Police are urging Bay motorists to drive responsibly after a chaotic week which saw more than 20 crashes on the region's roads.
Western Bay of Plenty road policing manager Senior Sergeant Ian Campion said there were 25 crashes between October 1 and early yesterday more than double the weekly average of 12.
Two resulted in serious injuries and three in minor injuries, Mr Campion said.
Three of the accidents involved alcohol, speed was a factor in seven while six crashes occurred at intersections and six involved elderly drivers.
Mr Campion said the figures were hugely disappointing.
"A lot of the crashes were just related to not complying with the very basic road rules," he said.
If everyone kept a safe following distance, kept speed down, gave way and stayed in their lane, most crashes could be avoided, he said.
"Road safety is everyone's responsibility. I wouldn't like to have another week like this."
The road toll in the region so far this year is at a record low and Mr Campion said he would like to see it stay that way.
Mr Campion said the Western Bay was over-represented in intersection crashes.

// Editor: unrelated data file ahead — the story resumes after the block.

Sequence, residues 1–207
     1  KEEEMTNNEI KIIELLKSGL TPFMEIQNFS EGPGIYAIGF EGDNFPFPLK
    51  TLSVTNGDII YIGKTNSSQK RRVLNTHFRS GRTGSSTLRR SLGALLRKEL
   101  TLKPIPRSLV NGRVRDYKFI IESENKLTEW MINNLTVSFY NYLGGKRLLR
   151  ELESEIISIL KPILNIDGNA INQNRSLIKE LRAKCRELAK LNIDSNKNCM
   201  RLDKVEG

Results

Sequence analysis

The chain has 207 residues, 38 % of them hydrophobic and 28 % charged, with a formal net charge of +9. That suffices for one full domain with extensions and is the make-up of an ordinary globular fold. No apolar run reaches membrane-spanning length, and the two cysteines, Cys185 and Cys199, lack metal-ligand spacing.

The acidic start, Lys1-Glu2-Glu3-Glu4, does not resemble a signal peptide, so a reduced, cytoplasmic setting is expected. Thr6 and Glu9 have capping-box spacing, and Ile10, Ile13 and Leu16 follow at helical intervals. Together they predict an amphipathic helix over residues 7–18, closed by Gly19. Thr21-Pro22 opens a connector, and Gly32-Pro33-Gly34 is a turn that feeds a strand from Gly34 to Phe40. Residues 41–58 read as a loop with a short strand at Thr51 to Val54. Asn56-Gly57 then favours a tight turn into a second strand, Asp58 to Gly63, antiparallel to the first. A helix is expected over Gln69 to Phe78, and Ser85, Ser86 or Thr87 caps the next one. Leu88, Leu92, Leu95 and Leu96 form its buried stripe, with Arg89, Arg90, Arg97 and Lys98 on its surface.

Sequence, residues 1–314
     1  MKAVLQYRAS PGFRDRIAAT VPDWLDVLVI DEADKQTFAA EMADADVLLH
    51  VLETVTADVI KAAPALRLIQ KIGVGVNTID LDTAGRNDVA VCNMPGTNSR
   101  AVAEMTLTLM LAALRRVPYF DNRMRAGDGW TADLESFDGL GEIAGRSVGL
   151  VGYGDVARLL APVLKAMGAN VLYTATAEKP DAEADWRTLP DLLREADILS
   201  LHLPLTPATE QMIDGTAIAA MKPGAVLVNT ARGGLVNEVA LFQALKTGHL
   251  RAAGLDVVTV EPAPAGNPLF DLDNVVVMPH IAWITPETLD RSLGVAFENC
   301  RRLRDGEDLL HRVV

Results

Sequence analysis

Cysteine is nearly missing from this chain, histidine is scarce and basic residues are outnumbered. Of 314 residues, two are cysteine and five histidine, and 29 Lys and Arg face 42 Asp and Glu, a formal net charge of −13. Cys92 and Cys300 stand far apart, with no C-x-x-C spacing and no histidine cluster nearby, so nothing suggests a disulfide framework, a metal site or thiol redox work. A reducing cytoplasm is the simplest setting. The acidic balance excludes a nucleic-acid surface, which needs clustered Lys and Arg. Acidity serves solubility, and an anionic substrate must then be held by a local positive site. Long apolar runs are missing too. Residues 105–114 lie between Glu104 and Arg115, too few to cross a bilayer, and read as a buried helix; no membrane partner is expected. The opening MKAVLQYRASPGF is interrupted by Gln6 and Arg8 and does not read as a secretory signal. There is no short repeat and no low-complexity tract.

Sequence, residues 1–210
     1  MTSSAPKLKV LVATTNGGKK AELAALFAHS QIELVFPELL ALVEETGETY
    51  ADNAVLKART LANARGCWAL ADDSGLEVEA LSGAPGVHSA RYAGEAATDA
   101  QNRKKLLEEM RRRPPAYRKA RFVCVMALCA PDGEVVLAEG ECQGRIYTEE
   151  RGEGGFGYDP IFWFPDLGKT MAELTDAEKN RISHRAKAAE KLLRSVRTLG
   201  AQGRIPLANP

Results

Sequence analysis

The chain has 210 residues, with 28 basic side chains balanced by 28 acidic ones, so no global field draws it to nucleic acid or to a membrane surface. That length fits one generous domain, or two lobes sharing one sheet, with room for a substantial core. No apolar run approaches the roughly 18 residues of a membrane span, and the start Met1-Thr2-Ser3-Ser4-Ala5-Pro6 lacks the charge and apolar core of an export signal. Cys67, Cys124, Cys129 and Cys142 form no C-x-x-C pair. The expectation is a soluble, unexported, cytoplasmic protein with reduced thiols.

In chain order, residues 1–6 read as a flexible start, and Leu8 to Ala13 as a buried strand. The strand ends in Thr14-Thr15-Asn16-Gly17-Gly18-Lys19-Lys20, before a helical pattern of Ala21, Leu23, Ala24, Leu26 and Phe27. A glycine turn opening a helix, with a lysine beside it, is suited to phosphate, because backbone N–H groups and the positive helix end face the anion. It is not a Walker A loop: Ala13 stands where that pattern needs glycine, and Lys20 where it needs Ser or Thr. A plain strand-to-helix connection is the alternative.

"They are a big problem around here. It's one of the main causation factors behind alcohol," he said. "With the traffic volume these days it can be quite difficult getting out of an intersection but people just have to be patient."
He said the intersections of Fraser St and Fifteenth Ave, Cameron Rd and Fifteenth Ave and Hewletts Rd and Totara St were among the worst in Tauranga although no crashes took place there last week.
Elderly drivers were also over-represented in last week's crashes, Mr Campion said.
"The elderly tend to have slower reactions to incidents, so when they are faced with an emergency situation they tend to act a bit slower."
A New Zealand Transport Agency spokesperson said all drivers are required to renew their license when they turned 75, again at 80 and then every two years.
Older drivers must pass an eyesight test and present a medical certificate from a doctor deeming them fit to continue driving.
Age Concern also runs two free driving courses.
The organisation gets a handful of referrals from doctors or the AA suggesting people who would benefit from doing the course.
Western Bay Driving instructor Mark Revill-Johnson said he had seen a handful of older drivers go through the driving school this year after failing the on-road driving test.
Mr Campion said older drivers should try to avoid driving during peak hours, plan their route before they left and try to make left turns instead of right where possible.
Last week's intersection crashes:
Elizabeth St and Glasgow St, Tauranga
Fraser St and Fourteenth Ave, Tauranga
Chadwick and Mansel roads, Tauranga
Cambridge Rd and Westminster Dr, Judea
Cambridge Rd and Te Atatu Pl, Judea
Cameron Rd and Tui St, Te Puke
25 crashes last week
2 serious injury crashes
3 minor injury crashes
3 involved alcohol
7 involved speed
6 intersection crashes
6 involved elderly drivers